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What pet parents should know about shelter intake

Most shelters in West Michigan have systems in place to help quickly reunite pets with their owners.

During the course of one day in 2019, Harbor Humane Society took in 30 cats.

Harbor Humane Society, which takes in all strays found in Ottawa County, took in 1,600 cats and nearly 500 dogs last year, but only about 2 percent of cats and less than 20 percent of dogs were actually reunited with an owner. 

"We align pretty closely with the national average for those numbers," said Harbor Humane Society's shelter manager, Megan Winters. "I think it's a combination of factors. I think sometimes people just aren't aware that we exist and that this should be the first place you should check."

Winters said they have the intake process down to a system that starts with checking for a microchip. 

“If the animal does have a microchip, we try to contact the owner before ever having to intake it into our system," Winters said. 

Winters said staff members will call multiple times over several days and write a letter to the address registered to the microchip. More often than not, Winters says, the microchip information is out of date or the animal has no microchip at all. 

Winters says state law dictates how long an animal should be kept in holding before it's put up for adoption. Animals that have some sort of identification are held for seven days. 

“If the animal comes in with no form of identification, so it has no microchip, no collar, no harness, no nothing — then it’s four business days,” Winters said.  

At the Kent County Animal Shelter, cats without identification are held for only two days due to the high number of cats the shelter receives. 

Harbor Humane uploads photos of all stray animals to their website, and they also run the Ottawa County Lost & Found Animals page on Facebook. Kent County Animal Shelter uploads photos of stray animals to Finding Rover. 

Harbor Humane also keeps a log of any animals who are reported missing, so they can alert the pet's owner even sooner if their pet is brought to the shelter. Both Kent County and Harbor Humane prefer that pet parents come to the shelter in person to check for their animal.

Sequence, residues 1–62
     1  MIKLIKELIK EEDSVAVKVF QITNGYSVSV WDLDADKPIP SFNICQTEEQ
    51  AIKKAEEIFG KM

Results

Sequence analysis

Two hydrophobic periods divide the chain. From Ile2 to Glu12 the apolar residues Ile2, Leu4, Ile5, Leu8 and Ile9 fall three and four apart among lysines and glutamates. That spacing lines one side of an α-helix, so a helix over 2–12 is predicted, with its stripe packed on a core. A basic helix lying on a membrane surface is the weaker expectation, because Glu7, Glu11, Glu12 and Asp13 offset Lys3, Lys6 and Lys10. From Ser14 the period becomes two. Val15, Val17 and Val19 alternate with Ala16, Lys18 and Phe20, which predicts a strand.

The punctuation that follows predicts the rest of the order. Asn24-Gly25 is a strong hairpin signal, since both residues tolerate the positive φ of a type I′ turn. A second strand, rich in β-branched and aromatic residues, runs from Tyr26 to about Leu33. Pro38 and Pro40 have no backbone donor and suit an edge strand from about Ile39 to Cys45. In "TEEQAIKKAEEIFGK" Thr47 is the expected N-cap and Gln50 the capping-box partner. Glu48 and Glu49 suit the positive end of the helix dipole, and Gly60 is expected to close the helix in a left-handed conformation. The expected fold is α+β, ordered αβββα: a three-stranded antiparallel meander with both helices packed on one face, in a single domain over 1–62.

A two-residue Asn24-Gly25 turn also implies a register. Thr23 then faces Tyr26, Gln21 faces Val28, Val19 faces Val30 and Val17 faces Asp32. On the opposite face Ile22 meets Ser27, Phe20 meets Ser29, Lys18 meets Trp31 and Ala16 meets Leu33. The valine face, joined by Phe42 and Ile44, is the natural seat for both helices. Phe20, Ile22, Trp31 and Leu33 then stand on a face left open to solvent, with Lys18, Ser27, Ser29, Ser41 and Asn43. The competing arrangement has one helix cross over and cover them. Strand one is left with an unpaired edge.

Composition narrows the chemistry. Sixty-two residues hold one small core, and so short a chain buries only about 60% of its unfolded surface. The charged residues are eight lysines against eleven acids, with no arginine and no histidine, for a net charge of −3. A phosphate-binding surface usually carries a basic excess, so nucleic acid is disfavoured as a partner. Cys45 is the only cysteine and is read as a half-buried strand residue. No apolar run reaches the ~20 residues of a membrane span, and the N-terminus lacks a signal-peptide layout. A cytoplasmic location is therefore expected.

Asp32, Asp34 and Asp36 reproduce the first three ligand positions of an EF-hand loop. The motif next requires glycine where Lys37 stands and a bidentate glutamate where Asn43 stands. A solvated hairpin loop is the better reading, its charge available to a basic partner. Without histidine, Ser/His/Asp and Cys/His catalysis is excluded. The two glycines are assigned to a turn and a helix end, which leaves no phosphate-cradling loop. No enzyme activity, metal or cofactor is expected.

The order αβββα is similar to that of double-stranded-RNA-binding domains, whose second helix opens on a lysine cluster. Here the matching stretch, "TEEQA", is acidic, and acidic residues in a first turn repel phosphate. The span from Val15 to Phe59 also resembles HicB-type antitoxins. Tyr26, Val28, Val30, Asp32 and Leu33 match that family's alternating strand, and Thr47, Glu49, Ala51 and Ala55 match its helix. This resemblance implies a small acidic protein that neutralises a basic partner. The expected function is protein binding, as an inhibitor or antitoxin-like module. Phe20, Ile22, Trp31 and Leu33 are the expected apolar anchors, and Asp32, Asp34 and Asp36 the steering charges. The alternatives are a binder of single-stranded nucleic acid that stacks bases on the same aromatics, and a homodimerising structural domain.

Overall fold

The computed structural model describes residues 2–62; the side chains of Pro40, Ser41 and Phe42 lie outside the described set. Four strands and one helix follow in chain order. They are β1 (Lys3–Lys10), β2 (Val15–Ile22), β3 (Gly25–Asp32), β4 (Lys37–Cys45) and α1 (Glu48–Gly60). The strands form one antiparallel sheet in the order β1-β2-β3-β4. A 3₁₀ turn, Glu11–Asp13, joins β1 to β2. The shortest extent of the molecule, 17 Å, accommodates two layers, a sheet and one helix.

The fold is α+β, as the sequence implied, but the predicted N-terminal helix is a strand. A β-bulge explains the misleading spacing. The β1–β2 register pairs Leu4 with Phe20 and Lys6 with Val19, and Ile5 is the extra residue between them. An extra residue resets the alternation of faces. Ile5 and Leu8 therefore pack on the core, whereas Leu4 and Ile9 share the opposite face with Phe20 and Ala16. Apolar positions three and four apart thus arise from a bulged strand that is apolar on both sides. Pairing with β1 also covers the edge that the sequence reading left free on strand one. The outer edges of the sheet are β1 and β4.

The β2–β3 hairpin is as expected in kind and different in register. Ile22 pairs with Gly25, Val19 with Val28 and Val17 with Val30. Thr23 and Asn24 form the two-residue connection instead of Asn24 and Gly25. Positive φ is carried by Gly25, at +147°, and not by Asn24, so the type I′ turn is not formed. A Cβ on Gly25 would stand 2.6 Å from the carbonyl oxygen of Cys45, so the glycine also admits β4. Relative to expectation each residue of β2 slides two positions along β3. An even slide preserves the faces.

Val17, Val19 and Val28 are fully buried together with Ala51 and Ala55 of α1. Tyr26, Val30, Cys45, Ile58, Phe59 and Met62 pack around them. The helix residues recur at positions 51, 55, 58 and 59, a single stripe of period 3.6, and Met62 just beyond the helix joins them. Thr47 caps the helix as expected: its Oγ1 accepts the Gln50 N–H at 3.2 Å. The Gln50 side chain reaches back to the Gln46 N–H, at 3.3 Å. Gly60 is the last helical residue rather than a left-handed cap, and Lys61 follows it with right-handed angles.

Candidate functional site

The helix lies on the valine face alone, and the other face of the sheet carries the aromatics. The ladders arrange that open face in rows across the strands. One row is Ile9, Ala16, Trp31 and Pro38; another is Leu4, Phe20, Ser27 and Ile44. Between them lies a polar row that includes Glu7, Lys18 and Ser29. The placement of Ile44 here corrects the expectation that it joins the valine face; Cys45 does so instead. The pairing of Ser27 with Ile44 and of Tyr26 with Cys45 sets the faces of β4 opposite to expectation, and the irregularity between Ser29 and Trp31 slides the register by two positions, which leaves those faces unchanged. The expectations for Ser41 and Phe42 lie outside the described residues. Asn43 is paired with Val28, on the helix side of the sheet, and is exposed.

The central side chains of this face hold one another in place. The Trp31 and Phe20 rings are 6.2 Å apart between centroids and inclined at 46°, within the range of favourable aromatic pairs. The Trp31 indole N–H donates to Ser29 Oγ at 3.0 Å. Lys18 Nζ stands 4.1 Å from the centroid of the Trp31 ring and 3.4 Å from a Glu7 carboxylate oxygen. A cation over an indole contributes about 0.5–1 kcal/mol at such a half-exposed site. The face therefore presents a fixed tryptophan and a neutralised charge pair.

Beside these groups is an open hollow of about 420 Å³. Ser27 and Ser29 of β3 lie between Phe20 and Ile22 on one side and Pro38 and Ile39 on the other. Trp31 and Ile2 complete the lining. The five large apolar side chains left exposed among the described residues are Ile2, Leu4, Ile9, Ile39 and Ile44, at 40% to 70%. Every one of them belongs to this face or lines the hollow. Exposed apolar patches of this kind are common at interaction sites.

There is typically a reclaim fee — at Harbor Humane it's $50 for first time offenders — plus any other additional charges like a licensing fee or rabies vaccine for dogs. However, most shelters will work with the pet's owner to reduce fees if finances are an issue. 

If a pet owner discovers their pet is at the Harbor Humane Society after it's been posted for adoption, they can still come reclaim their animal at the same fee, however, a donation is encouraged. 

"If [the animal] has been with us for weeks, we've invested a lot of money caring for that animal," Winters said. 

Stray animals are provided with vaccinations and medical care while in the shelter's care, so the shelter often times loses money throughout that process. 

"We do recognize that the animal is best suited in their home, so we will work with owners whether it's cutting down the fee or doing a bill system. The animal is better off with them than here," Winters said. 

The Kent County Animal Shelter said it will also work with pet owners to ensure they can afford to reclaim their pet. 

Both shelters ask that pet owners remember to update their pet's microchip. Harbor Humane Society will microchip reunited pets for $15. 

Robin Walenga, who helps to reunite Kent County animals with their parents, provided the following tips for pet owners: 

  • Post on your neighborhood Facebook group
  • Put your animal's bed/blanket along with a piece of your clothing outside the front door to allow the pet to catch the scent 
  • Report your pet missing to your area shelter 
  • Make large, bright colored posters 
  • Contact Lost Paws, LLC for assistance 
  • Notify neighbors and mail careers
  • Put an ad on Craigslist, and check Craigslist for postings
  • Post on your neighborhood's Nextdoor.com page
  • Search under porches or in sheds and garages, ask neighbors to search those areas, too 
  • Use toys and treats when searching for your animal

► Emma Nicolas is a multimedia journalist. Have a news tip or question for Emma? Get in touch by email, Facebook or Twitter.

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